With less than a week to go before #mwc12 kicks off, both Fujitsu and Panasonic have played their hand and announced that they’re breaking out of the Japanese smartphone market to conquer Europe. It’s possible that both companies were emboldened by the record quarterly profits announced by Samsung last month, which were driven by its smartphones division, and Cisco’s recent projections that there will be 10bn handsets globally by 2016.
Android-based smartphones are clearly the product category to be in at the moment. HTC’s rise a few years ago and its subsequent decline in the face of Samsung’s dominance shows that, as technological development continues apace and people adapt to new interfaces, no one has really cornered the market just yet.
It’s worth keeping an eye on the margins though. Apple makes a 37.4% operating profit on its iPhone. In comparison, Samsung makes just 11% on its handsets. As volumes grow, it’s reasonable to expect component prices to fall. There is a danger that the companies that only make handsets will rapidly fall down the value chain and see their profits squeezed.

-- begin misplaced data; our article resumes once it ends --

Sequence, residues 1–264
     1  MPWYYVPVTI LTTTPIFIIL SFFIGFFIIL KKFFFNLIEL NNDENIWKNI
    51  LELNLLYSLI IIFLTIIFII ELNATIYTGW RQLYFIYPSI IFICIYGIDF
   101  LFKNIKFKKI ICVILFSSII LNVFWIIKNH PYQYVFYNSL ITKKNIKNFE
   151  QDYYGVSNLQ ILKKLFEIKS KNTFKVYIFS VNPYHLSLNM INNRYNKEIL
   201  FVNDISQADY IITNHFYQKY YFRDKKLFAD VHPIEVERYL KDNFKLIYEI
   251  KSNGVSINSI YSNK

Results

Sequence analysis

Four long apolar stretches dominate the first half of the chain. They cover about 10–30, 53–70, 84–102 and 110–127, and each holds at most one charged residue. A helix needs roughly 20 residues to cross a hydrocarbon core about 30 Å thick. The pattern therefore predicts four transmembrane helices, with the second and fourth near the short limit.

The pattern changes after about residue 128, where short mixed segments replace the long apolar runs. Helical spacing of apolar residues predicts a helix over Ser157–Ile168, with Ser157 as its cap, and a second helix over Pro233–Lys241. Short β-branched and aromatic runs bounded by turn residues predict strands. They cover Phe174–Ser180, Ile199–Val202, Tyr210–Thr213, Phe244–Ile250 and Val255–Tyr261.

The situation may not be too dissimilar to that currently being witnessed in the market for TVs, where manufacturers are operating on slim margins and many are losing money. Still, that’s no reason not to make money while it’s there and, unlike 3D TVs, smartphone technology looks to be something consumers can’t get enough of at the moment.
IMAGE CREDIT [Panasonic]
This piece was originally posted on Racepoint’s #mwc12 blog